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P2 Locomotive Company and related matters

Discussion in 'Steam Traction' started by class8mikado, Sep 13, 2013.

  1. Richard Roper

    Richard Roper Member

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    I'm guessing the cartazzi wheelset is not yet at its ride height in the photo, the clearance under the inner frame plate looks minute!

    Well done to the P2 team, it's another major step forward. Good Luck to Daniela in her new role too, a great addition to the team...

    Richard.
     
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  2. class8mikado

    class8mikado Well-Known Member

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    Its not on its springs yet...
     
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  3. Richard Roper

    Richard Roper Member

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    I was trying to work out where abouts in the hornguides the axlebox will sit once the springs are on... Interesting to see the assembly stages in photos, I wonder if Haynes will do another book along the same lines as Tornado? That would be nice!

    Richard.
     
  4. philw2

    philw2 Member

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    I always wanted to know how these wheels swivel in their bearings when they slide from side to side. I know that the axleboxes move at an angle but I don't understand the geometry.. Any takers?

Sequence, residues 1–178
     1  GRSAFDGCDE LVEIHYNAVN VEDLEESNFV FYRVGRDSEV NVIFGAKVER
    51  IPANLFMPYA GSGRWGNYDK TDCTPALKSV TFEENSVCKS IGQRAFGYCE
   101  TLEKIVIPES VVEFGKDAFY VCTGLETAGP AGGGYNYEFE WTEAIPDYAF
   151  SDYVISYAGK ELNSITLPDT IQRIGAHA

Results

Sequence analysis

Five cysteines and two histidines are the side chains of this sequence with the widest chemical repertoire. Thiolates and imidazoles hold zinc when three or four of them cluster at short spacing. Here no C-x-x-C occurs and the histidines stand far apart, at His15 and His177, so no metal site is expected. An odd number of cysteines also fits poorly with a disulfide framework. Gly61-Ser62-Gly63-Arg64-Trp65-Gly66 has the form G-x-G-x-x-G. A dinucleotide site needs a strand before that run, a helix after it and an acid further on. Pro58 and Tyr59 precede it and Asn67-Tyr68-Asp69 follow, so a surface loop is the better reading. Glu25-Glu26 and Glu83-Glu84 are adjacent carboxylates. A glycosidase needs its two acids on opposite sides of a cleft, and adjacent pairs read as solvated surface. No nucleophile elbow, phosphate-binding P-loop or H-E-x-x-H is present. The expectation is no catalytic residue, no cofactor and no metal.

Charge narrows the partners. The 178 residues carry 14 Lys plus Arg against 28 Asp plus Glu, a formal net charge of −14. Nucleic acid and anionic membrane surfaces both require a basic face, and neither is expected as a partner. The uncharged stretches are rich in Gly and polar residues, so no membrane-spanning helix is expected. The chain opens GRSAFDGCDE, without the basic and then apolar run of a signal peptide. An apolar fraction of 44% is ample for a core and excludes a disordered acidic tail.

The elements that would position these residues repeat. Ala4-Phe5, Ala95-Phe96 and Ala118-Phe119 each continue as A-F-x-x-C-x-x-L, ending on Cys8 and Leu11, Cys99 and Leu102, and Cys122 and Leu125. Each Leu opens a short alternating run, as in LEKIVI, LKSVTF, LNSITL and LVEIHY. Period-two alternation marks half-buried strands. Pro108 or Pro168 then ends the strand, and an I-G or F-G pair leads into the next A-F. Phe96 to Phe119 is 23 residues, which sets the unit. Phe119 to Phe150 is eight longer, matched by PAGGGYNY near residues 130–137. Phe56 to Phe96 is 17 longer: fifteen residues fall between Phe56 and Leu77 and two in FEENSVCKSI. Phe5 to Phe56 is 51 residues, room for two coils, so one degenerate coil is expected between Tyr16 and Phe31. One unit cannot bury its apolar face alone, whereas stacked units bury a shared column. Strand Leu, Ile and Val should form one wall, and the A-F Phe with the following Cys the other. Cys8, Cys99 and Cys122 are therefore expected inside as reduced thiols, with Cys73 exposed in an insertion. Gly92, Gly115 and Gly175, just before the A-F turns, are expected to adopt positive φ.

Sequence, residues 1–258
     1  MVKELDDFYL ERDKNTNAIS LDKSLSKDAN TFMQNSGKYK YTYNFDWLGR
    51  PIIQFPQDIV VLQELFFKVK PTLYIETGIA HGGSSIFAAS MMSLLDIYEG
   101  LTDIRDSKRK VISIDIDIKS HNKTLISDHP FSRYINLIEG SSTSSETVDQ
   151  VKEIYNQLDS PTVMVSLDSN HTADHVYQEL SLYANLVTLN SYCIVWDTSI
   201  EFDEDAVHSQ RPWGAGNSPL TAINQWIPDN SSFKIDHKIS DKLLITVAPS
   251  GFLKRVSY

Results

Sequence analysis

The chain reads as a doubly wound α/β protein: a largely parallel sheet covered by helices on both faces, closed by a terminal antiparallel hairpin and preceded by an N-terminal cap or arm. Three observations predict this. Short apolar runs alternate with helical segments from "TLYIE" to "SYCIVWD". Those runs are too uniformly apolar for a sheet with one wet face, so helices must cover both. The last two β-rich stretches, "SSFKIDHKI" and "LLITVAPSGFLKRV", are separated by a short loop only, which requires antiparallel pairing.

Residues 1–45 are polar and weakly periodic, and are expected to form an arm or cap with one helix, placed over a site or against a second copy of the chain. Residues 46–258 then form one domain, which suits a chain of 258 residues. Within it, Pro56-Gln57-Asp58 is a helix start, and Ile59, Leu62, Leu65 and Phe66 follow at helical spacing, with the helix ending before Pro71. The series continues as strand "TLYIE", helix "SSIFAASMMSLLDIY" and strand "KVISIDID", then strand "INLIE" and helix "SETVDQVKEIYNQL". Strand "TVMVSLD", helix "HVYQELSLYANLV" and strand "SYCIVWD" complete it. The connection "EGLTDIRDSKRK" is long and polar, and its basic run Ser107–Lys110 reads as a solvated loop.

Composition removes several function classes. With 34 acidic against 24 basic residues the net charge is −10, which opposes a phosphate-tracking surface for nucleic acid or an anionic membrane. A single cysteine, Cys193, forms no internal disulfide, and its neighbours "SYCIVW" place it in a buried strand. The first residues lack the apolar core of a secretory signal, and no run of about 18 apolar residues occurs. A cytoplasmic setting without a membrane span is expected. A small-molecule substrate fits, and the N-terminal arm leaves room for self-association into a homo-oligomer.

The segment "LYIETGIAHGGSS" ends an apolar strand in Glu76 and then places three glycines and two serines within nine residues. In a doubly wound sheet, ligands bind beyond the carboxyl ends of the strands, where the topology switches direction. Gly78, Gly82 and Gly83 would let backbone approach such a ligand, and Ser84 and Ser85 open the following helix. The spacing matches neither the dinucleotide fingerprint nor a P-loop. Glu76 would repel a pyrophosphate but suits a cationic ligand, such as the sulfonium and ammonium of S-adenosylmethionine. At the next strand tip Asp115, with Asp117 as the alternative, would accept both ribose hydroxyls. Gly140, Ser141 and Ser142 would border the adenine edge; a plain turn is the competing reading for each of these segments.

Sent from my Nexus 7 using Tapatalk
     
  5. class8mikado

    class8mikado Well-Known Member

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    Underneath the spring there is a fixed Slide, on top of the cartazzi axle box there is another slide, the slides have a series of matching wedges which, with the wheels/ axles/ boxes horizontal to the frames, are interfaced neutrally , with both wheels taking (say) 15% of the locomotive weight.
    The cartazzi axle box and its guides are not arranged perpendicular to the frames in the horizontal plane as is normal but angle backwards from the inside of the frames to the outside. this means the whole axle can slide from side to side and in so doing turns to follow any curve in the rail.

    When the locomotive goes into a left ( say) curve the cartazzi axle is pushed to the left relative to the frames by the action of the rail, ( it can do this because its on slides), it also angles to follow the curve of the track, ( because the hornguides are angled to allow this). However because the slides are 'wedged' this action pushes the whole axle in the vertical plane down relative to the locomotive as it is moving up the wedges on the slides.